Tag Archives: Benjamin Britten



King’s Head Theatre

TURNING THE SCREW at the King’s Head Theatre


“a play of startling thematic relevance to today”

In 1956, Benjamin Britten wrote a pen portrait of himself as a child. He described himself as a kid who ‘behaved fairly well […] so that his contacts with the cane or the slipper were happily rare (although one nocturnal expedition to stalk ghosts left its mark behind).’

This reminiscence echoes the creative and personal tensions Britten underwent two years prior, in the process of finishing his internationally acclaimed operatic adaptation of Henry James’ ghost story ‘The Turn of the Screw’ (1954). ‘Turning the Screw’, a new play, written by Kevin Kelly and directed by Tim McArthur, deftly explores the darker moral entanglements of the period in which Britten wrote the chamber piece.

Set during the height of the ‘pink panic’, Britten’s homosexual relationship with personal and professional partner, Peter Pears left him open to far worse threats than the slipper. In one of the first scenes, Pears (Simon Willmont) returns home to find a frightened Britten (Gary Tushaw) recounting the warnings of a plain clothes policeman (Jonathan Clarkson) that morning. But the fraughtness of their relationship is preluded by the frame narrative of David Hemmings (Liam Watson), the boy for whom Britten wrote the elusive part of Miles for ‘The Turn of the Screw’.

The question of the nature of Britten’s relationship with Hemmings is the guiding dramatic force throughout the play. It is crucial, therefore, that the audience is first confronted with Hemmings as a man. The now veteran actor of deep RP register, opens the play by looking back at the nascence of his career. Yet, in a thought-provoking inversion of the once-choirboy’s vocal maturation, Hemmings overtures the opening mise-en-scène of Britten’s home in the unbroken voice of his 12 year old self.

“The sparing efficacy of the set is both open and homely”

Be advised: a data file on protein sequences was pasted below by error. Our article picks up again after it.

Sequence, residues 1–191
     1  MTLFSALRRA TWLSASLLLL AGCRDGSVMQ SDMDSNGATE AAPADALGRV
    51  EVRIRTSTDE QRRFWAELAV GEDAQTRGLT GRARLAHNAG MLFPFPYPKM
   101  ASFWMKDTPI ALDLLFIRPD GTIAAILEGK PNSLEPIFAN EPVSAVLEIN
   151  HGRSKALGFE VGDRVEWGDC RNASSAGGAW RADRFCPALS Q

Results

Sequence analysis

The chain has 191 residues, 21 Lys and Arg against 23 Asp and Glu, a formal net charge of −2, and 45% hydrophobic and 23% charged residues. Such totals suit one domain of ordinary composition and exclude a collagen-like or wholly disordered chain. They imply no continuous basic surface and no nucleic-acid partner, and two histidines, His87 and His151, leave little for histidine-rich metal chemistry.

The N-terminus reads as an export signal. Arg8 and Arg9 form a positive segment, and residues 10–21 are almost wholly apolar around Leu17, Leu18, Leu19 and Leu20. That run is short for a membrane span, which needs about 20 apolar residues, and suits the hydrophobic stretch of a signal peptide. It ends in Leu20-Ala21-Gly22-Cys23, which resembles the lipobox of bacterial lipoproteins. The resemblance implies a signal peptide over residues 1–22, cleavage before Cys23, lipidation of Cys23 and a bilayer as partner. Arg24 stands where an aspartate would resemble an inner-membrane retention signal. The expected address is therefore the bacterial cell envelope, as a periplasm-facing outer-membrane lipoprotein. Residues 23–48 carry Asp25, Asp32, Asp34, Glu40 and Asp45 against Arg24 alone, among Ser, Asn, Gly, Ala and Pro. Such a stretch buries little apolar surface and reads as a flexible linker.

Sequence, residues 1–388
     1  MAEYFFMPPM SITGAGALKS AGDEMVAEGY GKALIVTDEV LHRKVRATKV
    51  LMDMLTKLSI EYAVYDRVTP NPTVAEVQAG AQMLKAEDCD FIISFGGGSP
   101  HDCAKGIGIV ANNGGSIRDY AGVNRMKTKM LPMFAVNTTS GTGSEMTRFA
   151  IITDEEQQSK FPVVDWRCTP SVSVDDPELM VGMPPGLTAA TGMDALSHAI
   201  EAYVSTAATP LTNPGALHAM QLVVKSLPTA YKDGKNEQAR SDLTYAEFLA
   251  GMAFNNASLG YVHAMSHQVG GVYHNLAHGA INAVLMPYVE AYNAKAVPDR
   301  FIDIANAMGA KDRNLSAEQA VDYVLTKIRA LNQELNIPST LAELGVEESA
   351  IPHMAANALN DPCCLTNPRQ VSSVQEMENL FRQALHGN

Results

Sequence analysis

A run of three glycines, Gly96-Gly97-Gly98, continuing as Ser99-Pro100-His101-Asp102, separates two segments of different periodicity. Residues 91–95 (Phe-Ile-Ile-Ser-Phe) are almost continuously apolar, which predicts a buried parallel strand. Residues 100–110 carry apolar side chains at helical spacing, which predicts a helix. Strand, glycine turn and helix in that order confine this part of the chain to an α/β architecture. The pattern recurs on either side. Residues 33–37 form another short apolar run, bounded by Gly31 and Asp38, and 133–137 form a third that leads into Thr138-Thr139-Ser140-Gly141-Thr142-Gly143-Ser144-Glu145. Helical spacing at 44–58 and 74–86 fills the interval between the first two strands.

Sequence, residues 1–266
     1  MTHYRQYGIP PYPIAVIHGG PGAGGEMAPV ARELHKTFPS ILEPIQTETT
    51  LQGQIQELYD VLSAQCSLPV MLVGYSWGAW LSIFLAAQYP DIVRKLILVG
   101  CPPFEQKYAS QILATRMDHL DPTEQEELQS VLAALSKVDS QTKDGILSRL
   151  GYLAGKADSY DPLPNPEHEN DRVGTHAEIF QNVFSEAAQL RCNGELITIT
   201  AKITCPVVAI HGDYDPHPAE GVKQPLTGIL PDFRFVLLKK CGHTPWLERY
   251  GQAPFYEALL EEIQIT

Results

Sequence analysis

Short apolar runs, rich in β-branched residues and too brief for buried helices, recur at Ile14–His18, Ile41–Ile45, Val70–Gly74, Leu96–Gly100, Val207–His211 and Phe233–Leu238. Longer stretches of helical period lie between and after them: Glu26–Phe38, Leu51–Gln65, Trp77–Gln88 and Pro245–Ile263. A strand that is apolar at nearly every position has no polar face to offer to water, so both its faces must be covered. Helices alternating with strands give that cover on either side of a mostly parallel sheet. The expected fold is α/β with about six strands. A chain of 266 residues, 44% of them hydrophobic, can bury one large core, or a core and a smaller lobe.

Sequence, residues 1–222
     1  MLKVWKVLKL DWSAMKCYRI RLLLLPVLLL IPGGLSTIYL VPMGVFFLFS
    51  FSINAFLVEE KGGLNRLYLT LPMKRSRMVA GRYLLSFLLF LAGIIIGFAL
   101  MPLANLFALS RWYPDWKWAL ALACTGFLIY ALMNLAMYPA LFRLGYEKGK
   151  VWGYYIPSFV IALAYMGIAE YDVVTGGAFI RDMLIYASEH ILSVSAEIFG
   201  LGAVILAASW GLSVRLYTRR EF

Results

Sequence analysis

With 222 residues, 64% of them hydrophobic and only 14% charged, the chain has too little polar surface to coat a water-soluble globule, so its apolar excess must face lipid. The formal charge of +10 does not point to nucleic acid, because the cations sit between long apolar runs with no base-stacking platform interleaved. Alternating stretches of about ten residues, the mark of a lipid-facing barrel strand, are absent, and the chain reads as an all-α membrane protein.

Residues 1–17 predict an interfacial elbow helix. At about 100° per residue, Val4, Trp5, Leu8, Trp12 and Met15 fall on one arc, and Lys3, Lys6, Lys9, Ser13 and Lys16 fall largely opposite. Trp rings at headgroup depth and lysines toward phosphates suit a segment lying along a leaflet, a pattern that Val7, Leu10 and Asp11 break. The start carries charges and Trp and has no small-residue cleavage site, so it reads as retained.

The play’s action rests upon the lingering domestic anxieties which emerge between Britten and Pears. Poised between the position of their public relationship, the introduction of Hemmings into their home, and Britten’s frantic writing of the opera, the piece’s central anxiety echoes that of the ghost story about which Britten was writing. It shares the same fundamental question as that of Britten’s opera and James’ novella, namely, that of the nature of innocence and its corruption. Yet, the vitality of its conceit, and ‘Turning the Screw’s’ major impact, lie in the manifold perspectives from which this question may be approached.

The staging is deeply effective in establishing Hemmings as a spectral éminence grise. He remains a peripheral distraction even in Britten and Pears’ most intimate moments together, as when he can be seen methodically undressing in the corner while the couple argue. The sparing efficacy of the set (Laura Harling) is both open and homely, capable of balancing scenes of claustrophobic domesticity against the hauntingly fluid presence of Hemmings and another child from Britten’s past, titled simply ‘The boy’.

The pared back use of props further builds upon the Turning The Screw’s air of elusiveness, as in the only scene Pears and Hemmings’ share alone, in which the absent Britten’s baton rests ominously centre stage, upon his lectern. One is never entirely sure of who is conducting proceedings. Yet, one wonders whether the effect of this tantalising ambiguity—which necessarily evokes that of the ending of James’ novella—would not be better served without the qualifications of Hemmings’ frame narrative.

The result is a play of startling thematic relevance to today and, echoing the words of Britten’s childhood ghost-hunt, one is left to contemplate the nature of the mark it leaves behind.

TURNING THE SCREW at the King’s Head Theatre